Blown To Bits

The FCC’s indecency standards

Tuesday, July 22nd, 2008 by Harry Lewis

Chapter 8 of Blown to Bits tells the tale of how the federal government got into the business of determining which parts of the female anatomy may be shown on broadcast television and for how long, and whether the occasional s-word or f-word may be spoken. It’s an important story, because it’s one of the few clear-cut instances of a sweeping override of the First Amendment by a government body. And that body, the Federal Communications Commission, keeps reaching farther. For example, it has proposed to grease the rails for companies willing to provide a free-to-the-public, fully censored parallel Internet universe over the airwaves, an Internet with a mechanism

That filters or blocks images and text that constitute obscenity or pornography and, in context, as measured by contemporary community standards and existing law,  any images or text that otherwise would be harmful to teens and adolescents.  For purposes of this rule, teens and adolescents are children 5 through 17 years of age.

You read that right: nothing unsuitable for a 5-year old could be said or shown over this network.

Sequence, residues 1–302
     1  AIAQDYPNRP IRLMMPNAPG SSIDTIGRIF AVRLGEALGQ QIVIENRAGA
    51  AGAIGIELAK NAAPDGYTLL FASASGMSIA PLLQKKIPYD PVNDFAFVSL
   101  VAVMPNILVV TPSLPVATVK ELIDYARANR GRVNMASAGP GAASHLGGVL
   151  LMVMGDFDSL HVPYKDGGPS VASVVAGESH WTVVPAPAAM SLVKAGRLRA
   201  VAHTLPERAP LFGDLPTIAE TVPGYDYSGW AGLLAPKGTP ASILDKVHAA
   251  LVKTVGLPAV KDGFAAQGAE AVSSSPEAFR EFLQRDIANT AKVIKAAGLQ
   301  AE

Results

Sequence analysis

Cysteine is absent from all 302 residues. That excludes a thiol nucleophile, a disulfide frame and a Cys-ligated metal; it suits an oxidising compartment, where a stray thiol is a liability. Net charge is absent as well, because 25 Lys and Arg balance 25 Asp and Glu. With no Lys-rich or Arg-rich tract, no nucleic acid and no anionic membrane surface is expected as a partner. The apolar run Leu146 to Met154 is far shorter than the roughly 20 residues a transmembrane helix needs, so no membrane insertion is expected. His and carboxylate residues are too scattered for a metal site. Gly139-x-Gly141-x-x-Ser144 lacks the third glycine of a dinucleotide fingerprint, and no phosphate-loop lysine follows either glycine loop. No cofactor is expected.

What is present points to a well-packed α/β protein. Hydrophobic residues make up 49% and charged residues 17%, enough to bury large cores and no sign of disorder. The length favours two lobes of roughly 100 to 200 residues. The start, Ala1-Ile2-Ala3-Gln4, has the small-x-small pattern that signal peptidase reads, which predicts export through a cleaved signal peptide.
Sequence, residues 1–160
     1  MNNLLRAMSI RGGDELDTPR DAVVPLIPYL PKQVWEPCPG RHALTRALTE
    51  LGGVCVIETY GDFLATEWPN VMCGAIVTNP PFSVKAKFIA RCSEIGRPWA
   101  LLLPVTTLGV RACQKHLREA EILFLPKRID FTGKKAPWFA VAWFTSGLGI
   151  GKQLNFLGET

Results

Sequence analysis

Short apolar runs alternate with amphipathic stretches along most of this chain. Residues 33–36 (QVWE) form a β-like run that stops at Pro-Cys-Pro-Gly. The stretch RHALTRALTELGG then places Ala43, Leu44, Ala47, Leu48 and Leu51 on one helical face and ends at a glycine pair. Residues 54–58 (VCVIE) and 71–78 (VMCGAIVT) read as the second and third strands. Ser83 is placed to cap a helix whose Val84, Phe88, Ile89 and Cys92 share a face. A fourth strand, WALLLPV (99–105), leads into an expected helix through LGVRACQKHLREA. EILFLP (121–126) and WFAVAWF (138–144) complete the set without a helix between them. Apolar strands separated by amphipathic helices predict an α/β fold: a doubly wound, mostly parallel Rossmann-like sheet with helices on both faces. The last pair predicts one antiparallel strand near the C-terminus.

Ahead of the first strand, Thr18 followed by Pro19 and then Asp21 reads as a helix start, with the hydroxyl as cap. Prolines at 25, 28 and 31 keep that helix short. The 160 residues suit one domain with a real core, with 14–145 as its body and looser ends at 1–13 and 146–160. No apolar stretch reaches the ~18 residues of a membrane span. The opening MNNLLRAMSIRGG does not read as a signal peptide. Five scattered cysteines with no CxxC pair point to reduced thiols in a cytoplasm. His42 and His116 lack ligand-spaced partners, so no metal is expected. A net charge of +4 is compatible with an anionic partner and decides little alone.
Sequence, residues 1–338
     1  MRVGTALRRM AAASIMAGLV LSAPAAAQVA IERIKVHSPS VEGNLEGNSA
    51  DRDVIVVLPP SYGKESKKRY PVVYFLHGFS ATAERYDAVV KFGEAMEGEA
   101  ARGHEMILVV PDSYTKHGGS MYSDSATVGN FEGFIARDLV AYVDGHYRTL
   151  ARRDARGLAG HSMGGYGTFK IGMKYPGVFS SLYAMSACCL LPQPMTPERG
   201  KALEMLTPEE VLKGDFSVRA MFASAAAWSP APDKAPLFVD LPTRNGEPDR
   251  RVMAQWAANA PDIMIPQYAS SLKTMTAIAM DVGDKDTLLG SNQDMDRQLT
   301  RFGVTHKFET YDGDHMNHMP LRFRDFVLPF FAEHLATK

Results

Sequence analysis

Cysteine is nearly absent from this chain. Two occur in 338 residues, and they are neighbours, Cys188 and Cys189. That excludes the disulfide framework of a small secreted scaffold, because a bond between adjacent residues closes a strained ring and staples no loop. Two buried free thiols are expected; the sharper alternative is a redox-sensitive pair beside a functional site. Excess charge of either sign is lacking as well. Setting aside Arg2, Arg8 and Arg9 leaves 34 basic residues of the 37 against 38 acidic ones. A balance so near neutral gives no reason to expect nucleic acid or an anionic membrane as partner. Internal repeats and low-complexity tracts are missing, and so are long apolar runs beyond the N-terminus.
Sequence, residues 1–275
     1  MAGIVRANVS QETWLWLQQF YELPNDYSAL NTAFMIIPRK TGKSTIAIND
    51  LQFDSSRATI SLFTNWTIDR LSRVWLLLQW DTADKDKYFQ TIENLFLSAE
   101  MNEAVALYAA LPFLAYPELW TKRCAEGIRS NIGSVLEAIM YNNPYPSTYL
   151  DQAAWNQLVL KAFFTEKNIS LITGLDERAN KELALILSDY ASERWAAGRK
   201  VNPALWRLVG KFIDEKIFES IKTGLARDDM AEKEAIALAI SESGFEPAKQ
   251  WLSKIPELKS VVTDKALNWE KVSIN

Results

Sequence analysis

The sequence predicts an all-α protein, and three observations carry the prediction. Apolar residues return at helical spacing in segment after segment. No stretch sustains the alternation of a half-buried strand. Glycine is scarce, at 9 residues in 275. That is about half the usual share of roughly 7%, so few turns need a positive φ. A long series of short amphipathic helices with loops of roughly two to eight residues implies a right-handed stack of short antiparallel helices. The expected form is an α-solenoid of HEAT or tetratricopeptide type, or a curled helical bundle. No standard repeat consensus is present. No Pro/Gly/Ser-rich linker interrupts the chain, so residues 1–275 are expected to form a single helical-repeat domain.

While I have no interest in the famous Janet Jackson halftime stunt (I love the Superbowl, but never watch the halftime shows), I am delighted that the FCC fine was thrown out by a federal court as being capricious and arbitrary. The court essentially ruled that the FCC had improperly raised its standards. The Technology Liberation Front has a good explanation of the decision and a link to the decision itself.

An even more important judicial deliberation will be happening in the coming Supreme Court term, when the entire issue of the FCC’s indecency standards will be under review.

In the meantime, isn’t it odd that the FCC is working so hard to make broadcast TV safer for children than it has ever been, just at the moment when from what I can tell, the advertisers think the only people watching network TV are those who need AARP, Viagra, and motorized wheelchairs?

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